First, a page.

There are poets one respects and admires and there are poets one loves. (And respects and admires.) None more lovable to my mind than the good doctor (and he was a very good doctor) William Carlos Williams. Great piece on him by Adam Kirch in the current New York Review of Books. But there's nothing beats the poems themselves. Medicine for the soul.

Sunday, February 12, 2012

Just Walking

Fifi, Fafa and their Ibu & Ayah arrived at 4.00 this afternoon and we set off on a not-terribly-energetic walk up the road, round the old nice houses on the little estate off Maidstone Road, and then through the new University Town, discovering where the big Starbucks is located there. Then it was back home for muffins and two DVDs: Peter Gabriel's Secret World and Adele's Live at the Albert Hall and soon it will be nosh somewhere on Clementi Road.

Verdict: Life is good.

But don't you just want to punch the guy who broke Adele's heart?

Saturday, February 11, 2012

Great Guitar Solos 1

Ever since I posted about Johnnie Mac's solo on the Mahavishnu's Orchestra's lovely Dawn - and followed up by listening to it three or four times in one day - I've had it running through my head as a kind of highly welcome ear-worm. Actually I've always been prone to ear-worms but thankfully they're nearly always snippets, or extended sections, of really fine music so it's not so much a curse as a blessing. If I tell you I once couldn't get the central segment of VW's The Lark Ascending out of my head for three months or so you'll appreciate what I'm getting at.

I suppose though I'm using the term solo in an extremely loose way here. Really I'm thinking of the whole guitar part, but with particular emphasis on the early segment around 1'25'' in when McLaughlin stops simply doubling the gorgeous violin line and starts developing increasingly, improbably faster and faster lines, until the whole shebang explodes around 2'30'' into a new descending melody for unison guitar and violin and the heart sings.

The first time I heard the track I loved the ensemble playing and the sort of soft rock segments - the closest the guys ever came to AOR - but couldn't quite grasp McLaughlin's playing. It sounded sort of wrong somehow, especially in the early part of the track, as if he were trying to blend in, but failing, the guitar line sounding slightly out in terms of the general timing. Although I was familiar with the sustain being used from Robert Fripp's playing with Crimson, which is why I suppose I keep talking about guitar lines rather than notes, I'd never encountered anything quite this spiky on music that otherwise seemed designed to be accessible. Listening now it just seems so utterly right I can't grasp why my teenage ears couldn't quite get round it all, initially at least.

Of course when McLaughlin plays fast it's astonishing in itself, but what I love about his playing is the way in which the speed is always there for a reason, is at the service of a greater cause. The sensation of sheer over-abundant joy that is created in the first half of Dawn that speed, the sense of something genuinely dawning, as it were, is extraordinary. Awesome in the real sense of that word.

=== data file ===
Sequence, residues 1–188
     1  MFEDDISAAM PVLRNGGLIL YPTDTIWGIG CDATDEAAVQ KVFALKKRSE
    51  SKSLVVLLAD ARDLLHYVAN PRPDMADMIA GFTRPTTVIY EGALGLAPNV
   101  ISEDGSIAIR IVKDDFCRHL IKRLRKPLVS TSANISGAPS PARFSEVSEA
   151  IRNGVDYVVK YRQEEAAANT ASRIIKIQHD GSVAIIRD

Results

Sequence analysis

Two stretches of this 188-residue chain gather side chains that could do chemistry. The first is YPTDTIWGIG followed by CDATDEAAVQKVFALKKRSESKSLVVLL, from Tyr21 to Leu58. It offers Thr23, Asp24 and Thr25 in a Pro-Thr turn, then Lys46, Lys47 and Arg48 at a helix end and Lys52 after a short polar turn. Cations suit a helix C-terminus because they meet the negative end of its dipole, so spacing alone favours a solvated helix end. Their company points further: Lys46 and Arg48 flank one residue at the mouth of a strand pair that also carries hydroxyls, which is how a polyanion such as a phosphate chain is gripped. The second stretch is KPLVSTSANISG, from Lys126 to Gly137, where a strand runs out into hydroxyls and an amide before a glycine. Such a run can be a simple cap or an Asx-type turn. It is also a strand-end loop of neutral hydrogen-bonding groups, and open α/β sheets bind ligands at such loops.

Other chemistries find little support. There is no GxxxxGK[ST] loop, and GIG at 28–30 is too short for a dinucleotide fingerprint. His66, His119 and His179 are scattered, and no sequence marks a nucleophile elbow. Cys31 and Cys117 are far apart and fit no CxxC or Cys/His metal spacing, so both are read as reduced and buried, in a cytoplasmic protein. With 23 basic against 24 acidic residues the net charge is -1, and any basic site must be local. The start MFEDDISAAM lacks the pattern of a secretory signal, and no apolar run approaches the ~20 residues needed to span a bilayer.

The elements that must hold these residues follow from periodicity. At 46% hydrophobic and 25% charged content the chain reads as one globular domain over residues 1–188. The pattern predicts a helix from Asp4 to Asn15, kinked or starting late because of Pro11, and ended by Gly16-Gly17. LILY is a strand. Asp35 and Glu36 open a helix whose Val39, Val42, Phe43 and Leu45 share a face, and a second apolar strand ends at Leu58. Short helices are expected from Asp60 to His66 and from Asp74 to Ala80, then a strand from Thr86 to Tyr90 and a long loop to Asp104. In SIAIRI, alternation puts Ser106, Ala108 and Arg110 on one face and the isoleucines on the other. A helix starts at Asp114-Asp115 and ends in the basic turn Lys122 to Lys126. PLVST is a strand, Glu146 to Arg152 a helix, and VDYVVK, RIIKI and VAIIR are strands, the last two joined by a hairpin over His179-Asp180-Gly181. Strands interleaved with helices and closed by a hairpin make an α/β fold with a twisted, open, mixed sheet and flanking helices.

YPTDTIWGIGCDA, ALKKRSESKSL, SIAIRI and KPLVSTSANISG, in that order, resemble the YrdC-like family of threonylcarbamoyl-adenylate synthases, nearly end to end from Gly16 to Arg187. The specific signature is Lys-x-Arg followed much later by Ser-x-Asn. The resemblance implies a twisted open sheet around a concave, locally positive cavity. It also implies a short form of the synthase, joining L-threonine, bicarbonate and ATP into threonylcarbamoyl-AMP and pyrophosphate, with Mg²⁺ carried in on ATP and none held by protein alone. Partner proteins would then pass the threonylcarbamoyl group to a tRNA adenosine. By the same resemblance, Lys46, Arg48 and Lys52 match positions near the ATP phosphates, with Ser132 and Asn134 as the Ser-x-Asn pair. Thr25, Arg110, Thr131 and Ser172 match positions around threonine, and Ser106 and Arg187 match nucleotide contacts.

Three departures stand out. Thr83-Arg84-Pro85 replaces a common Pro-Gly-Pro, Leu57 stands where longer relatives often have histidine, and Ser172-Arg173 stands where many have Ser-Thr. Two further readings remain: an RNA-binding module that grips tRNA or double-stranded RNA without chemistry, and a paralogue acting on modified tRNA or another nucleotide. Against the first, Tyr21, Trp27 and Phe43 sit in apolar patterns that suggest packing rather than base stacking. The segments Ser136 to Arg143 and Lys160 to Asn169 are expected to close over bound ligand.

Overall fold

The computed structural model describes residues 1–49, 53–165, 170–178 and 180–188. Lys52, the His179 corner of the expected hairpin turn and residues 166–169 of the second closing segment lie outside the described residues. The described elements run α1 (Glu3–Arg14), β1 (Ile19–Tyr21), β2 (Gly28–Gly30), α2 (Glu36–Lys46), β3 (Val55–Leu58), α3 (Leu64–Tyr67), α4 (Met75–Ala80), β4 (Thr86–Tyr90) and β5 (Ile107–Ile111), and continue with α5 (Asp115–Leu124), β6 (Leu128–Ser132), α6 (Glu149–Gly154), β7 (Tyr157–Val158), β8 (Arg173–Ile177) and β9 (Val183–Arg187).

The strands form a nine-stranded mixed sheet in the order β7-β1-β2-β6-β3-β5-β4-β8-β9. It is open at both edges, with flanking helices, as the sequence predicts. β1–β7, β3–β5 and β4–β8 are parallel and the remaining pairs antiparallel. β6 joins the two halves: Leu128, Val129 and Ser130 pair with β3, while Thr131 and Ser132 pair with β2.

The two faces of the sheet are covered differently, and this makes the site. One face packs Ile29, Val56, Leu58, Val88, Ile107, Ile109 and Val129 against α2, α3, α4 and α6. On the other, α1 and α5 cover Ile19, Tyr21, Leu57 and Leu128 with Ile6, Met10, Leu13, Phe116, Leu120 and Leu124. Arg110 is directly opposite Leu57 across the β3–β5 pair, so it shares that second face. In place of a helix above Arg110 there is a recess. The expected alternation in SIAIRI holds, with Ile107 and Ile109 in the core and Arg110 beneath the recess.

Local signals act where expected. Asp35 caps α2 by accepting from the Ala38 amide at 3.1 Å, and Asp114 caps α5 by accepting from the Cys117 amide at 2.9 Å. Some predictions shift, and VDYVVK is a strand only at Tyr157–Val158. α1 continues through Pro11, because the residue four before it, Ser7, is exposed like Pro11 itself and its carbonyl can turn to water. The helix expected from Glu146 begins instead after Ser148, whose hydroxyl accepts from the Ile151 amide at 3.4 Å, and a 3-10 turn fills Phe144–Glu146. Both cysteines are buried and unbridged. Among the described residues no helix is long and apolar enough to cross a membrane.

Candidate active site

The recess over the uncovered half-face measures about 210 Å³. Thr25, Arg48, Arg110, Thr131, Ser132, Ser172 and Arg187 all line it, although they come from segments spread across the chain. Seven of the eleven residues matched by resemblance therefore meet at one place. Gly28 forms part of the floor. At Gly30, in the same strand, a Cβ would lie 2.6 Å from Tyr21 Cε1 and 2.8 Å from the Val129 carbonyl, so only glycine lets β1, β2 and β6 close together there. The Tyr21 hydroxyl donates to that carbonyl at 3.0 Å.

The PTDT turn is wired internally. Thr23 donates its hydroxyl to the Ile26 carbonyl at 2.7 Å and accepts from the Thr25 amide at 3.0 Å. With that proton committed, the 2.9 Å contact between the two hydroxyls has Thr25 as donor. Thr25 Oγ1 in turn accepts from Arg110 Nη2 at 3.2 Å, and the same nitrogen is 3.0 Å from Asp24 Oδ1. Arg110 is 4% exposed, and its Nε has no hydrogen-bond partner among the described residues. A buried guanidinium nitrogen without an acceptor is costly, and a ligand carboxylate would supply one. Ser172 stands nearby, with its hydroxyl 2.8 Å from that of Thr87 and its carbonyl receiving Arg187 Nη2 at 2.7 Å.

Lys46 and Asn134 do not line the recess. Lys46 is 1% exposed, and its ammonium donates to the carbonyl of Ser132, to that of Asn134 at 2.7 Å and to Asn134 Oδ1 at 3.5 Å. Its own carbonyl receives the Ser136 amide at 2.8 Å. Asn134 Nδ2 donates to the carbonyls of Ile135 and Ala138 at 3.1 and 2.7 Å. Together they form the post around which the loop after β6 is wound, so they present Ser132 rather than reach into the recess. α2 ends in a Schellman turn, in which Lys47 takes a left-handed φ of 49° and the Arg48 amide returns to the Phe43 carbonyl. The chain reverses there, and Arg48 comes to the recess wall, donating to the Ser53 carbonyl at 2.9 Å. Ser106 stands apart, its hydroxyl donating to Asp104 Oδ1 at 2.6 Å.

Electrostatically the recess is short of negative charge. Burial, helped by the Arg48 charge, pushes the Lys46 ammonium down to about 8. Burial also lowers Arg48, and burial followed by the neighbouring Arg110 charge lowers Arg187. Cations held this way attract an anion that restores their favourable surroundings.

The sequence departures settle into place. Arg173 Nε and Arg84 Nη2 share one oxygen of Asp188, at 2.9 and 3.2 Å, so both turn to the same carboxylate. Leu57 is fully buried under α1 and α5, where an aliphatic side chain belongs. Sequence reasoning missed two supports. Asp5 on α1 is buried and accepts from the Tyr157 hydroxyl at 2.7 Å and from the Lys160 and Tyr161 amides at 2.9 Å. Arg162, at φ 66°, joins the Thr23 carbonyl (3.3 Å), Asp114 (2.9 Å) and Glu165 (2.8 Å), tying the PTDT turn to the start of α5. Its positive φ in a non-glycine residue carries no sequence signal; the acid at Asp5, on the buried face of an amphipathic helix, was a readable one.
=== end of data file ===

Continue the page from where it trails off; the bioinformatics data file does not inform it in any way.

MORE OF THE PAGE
Friday, February 10, 2012


Energy is eternal delight, said the wisest of the English poets.

Wish I had some. Just a bit would do.

Thursday, February 9, 2012

In Control

Snippet from a dialogue today:

Speaker: Let's pretend to be in control of the situation. Then, mysteriously, it might turn out that we get control. At least we know we're not in control. That's a step forward.

Confession: Yes, gentle reader, it was me.

Tuesday, February 7, 2012

A Start

Had what seemed at the time (about 11.00 this morning) to be a dazzling idea for a script we might be in need of later in the year. I've definitely got a title. Now all I need is the rest of the play. Hah!

(In a few months I'll look back on today's post as either the start of something big (well, for us anyway) or evidence of distinctly delusional - or should that be deluded? - tendencies, and more than a few of them.)

Monday, February 6, 2012

Going Solo

The other day for reasons I still don't quite understand, possibly related to the wanderings of an aged mind, I found myself, whilst shaving, reflecting upon guitar solos and their place in my life. Truth to tell, they don't occupy any particularly startling spot as I've never greatly cared for them, despite emerging from a generation of musos to whom the (great) guitar solo was seen as something of significance. (Something similar might be said of the drum solo, but those I care not to think of at all, ever, and never did, though dutifully joining in with the mindless applause when one was completed, all those years ago.)